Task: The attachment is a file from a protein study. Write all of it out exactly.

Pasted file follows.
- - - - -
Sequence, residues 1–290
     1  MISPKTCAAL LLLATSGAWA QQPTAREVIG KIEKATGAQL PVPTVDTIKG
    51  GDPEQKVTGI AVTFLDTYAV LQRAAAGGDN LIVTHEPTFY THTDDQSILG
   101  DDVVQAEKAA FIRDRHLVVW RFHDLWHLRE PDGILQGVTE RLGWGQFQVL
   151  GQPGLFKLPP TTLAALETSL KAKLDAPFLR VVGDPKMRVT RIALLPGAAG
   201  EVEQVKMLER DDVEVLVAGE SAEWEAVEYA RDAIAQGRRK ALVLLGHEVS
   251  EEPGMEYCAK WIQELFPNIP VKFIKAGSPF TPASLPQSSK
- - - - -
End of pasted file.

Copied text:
Sequence, residues 1–290
     1  MISPKTCAAL LLLATSGAWA QQPTAREVIG KIEKATGAQL PVPTVDTIKG
    51  GDPEQKVTGI AVTFLDTYAV LQRAAAGGDN LIVTHEPTFY THTDDQSILG
   101  DDVVQAEKAA FIRDRHLVVW RFHDLWHLRE PDGILQGVTE RLGWGQFQVL
   151  GQPGLFKLPP TTLAALETSL KAKLDAPFLR VVGDPKMRVT RIALLPGAAG
   201  EVEQVKMLER DDVEVLVAGE SAEWEAVEYA RDAIAQGRRK ALVLLGHEVS
   251  EEPGMEYCAK WIQELFPNIP VKFIKAGSPF TPASLPQSSK